A conversation with Stephen Hutchings: Understanding Russian propaganda narratives


On 17 March 2024 Russian Federation holds presidential elections and understanding official propaganda’s narrative is essential. While propaganda accompanies all wars, the current narrative differs from the older ones.

Prof. Hutchings has been studying Russian media several decades and he lived in the Soviet Union during the Cold war. He observes a major shift in how the West is portrayed.

The focus lies on understanding narratives and propaganda techniques designed for the Russian audience.


Stephen Hutchings is Professor of Russian Studies at the University of Manchester and Fellow of the UK’s Academy of Social Sciences.

He has published eight monographs and six edited volumes on various aspects of Russian cultural, media and propaganda studies, as well as many articles in journals ranging from Television and New MediaJournalism, and European Journal of Cultural Studies, to Slavic Review.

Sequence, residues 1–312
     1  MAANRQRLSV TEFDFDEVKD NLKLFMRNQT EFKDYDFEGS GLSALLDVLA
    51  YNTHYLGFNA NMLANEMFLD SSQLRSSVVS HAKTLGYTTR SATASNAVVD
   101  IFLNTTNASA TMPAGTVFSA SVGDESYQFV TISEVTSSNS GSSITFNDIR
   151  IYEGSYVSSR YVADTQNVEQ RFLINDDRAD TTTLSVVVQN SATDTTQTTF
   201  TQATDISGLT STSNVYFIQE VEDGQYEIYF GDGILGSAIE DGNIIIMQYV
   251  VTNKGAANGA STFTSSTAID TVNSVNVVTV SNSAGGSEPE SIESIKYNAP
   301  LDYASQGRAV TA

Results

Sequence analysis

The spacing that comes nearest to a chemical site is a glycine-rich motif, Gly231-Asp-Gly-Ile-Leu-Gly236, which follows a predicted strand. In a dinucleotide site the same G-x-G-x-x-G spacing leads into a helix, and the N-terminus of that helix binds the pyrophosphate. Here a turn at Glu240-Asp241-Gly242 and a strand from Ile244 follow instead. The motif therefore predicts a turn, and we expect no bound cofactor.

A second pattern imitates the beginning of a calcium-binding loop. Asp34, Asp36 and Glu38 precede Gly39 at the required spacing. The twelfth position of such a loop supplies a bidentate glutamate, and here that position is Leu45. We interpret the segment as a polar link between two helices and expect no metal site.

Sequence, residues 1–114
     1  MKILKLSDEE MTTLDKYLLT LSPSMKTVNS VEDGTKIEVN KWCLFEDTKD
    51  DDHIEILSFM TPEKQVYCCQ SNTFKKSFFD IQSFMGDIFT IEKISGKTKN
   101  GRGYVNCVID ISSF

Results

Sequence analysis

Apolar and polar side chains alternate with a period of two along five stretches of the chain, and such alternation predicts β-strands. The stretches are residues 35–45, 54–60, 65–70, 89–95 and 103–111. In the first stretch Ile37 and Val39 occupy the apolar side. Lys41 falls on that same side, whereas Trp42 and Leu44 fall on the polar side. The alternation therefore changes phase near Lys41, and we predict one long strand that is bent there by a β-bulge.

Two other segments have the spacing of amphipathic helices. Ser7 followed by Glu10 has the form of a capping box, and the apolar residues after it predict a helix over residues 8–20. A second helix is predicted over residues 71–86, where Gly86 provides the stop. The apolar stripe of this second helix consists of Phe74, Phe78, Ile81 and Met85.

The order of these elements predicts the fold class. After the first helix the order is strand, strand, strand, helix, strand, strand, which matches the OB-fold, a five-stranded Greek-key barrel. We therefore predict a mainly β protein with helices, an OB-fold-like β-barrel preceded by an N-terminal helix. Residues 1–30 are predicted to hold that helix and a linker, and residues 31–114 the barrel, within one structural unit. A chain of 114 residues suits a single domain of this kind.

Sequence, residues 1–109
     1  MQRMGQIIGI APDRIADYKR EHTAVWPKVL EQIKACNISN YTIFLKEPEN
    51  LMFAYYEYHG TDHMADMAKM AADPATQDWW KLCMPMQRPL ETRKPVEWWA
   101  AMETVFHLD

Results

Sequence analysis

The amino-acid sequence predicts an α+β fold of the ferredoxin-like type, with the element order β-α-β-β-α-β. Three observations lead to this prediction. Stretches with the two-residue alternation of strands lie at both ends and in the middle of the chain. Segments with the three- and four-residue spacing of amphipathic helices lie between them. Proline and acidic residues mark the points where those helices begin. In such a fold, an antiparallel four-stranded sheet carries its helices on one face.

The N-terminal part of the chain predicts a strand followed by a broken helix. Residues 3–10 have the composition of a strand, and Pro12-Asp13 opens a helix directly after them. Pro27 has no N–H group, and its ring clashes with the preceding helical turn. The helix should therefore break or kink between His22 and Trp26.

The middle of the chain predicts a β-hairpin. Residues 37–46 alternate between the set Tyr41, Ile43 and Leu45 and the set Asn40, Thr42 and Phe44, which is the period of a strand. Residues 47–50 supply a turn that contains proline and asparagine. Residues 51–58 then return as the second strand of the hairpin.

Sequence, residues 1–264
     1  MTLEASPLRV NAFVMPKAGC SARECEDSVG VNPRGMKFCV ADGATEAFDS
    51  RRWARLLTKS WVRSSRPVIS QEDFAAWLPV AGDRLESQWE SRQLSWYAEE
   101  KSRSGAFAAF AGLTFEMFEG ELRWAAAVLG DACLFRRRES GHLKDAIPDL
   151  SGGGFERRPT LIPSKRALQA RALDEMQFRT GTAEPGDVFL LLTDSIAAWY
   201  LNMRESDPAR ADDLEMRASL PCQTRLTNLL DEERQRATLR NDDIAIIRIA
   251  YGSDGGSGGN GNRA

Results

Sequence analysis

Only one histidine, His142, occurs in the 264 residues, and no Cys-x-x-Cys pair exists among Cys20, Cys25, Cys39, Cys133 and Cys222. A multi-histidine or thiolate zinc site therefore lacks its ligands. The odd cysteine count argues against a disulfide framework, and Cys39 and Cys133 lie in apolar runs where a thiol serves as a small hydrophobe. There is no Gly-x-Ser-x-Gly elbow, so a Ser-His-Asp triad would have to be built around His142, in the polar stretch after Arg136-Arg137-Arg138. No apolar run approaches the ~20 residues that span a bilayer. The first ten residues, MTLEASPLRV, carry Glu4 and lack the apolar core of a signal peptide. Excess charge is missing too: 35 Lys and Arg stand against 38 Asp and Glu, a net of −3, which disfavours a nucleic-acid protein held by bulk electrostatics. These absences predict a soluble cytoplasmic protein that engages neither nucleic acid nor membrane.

He has frequently advised government departments, media monitoring organizations and journalists on aspects of Russian state communications strategy. He was President of the British Association for Slavonic and East European Studies from 2010-2013

He is currently leading a major new nationally funded project on disinformation as a translingual dynamic.

Concept and Moderation
Daniela Kraus, Presseclub Concordia and Mirjana Tomić, fjum/Presseclub Concordia